Birds of Indian Subcontinent

A comparison of breeding and moult cycles and life histories in two tropical starling species: the Blue-eared Glossy Starling Lamprotornis chalybaeus and Rüppell's Long-tailed Glossy Starling L. purpuropterus

Publication Type:Journal Article
Year of Publication:1987
Authors:Dittami, JP
Date Published:1987
ISBN Number:1474-919X
Keywords:Aplonis, Aplonis panayensis, Kenya, Lamprotornis, Lamprotornis caudatus, Lamprotornis chalybaeus, Lamprotornis purpuroptera, Lamprotornis purpuropterus, Sturnidae, Sturnus, Sturnus vulgaris
Abstract:The Blue-eared Glossy Starling Lamprotornis chalybaeus and Rüppell's Long-tailed Glossy Starling Lamprotornis purpuropterus were investigated in the field and in aviaries at Lake Nakuru National Park, Kenya for seasonality in reproductive activity and moult. The former species was found to be a seasonal breeder which nests after the onset of the heavy rains in April. Although some birds had large gonads prior to the rains in the dry season no nesting occurred. The rains were contemporary with increases in gonadal size and the plasma titres of LH, testosterone (T) in males and estradiol (E2) in females. These hormones are associated with the initiation of breeding activity. As breeding ceased in July and the moult began, the plasma titres again decreased. There was a bimodal breeding pattern which paralleled a change in biotope preference for nesting. Early nests, in the heavy rains, were on the open savanna and later nests were in the acacia forest. Late nesting birds also had delayed peaks in gonadal size, plasma titres of LH, T and E2 and a delayed moult onset. Data on individual captive birds demonstrate that these annual cycles have a distinctly individual character superimposed on the seasonal trends. In Rüppell's Long-tailed Glossy Starlings no seasonality in breeding was found although the flight feather moult commenced and was completed in all individuals at about the same time. The moult extended over about ten months, so a great deal of breeding-moult overlap was present. The absence of seasonality in field birds was reflected in the aviary birds, which had no pronounced cycles in the reproductive parameters measured (gonadal size, LH, T and E2 plasma titres). Breeding in field birds was regulated on a pair basis and correlated with increases in duetting. The striking differences in the seasonal organization between this species and Blue-eared Glossy Starlings were presumably due to the different biotope preferences and social behaviour of the two species.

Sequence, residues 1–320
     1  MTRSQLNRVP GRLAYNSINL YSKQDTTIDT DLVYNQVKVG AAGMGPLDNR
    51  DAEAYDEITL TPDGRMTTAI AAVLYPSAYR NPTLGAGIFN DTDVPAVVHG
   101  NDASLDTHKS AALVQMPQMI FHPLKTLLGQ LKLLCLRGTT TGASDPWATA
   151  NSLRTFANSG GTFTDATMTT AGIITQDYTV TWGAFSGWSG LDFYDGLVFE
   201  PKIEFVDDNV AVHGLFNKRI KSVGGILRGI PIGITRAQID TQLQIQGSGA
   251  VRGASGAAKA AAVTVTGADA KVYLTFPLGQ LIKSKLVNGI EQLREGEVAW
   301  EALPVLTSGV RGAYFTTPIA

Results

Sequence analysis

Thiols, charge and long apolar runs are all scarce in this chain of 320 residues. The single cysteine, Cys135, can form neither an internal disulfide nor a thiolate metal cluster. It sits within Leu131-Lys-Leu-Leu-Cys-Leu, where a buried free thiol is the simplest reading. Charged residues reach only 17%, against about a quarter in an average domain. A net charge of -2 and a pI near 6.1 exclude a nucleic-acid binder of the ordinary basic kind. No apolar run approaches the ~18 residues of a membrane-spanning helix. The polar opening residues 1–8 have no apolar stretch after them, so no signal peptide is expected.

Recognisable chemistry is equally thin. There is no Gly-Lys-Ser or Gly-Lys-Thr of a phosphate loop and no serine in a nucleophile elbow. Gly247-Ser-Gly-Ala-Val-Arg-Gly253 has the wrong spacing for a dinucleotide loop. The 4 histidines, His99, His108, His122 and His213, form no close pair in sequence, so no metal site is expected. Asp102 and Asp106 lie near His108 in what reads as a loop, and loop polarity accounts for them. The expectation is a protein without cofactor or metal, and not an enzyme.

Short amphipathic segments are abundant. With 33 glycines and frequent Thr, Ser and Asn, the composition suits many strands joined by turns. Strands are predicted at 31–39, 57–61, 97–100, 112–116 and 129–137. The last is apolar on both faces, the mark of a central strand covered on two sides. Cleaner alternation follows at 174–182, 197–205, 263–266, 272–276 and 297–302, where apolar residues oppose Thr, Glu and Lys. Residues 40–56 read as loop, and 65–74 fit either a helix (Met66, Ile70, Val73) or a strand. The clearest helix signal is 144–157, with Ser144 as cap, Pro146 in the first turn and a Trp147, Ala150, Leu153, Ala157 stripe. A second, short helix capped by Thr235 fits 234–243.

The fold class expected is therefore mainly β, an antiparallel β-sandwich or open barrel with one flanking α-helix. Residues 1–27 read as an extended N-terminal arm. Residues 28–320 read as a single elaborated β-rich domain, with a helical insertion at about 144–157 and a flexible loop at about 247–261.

Short Title:Ibis
Scratchpads developed and conceived by (alphabetical): Ed Baker, Katherine Bouton Alice Heaton Dimitris Koureas, Laurence Livermore, Dave Roberts, Simon Rycroft, Ben Scott, Vince Smith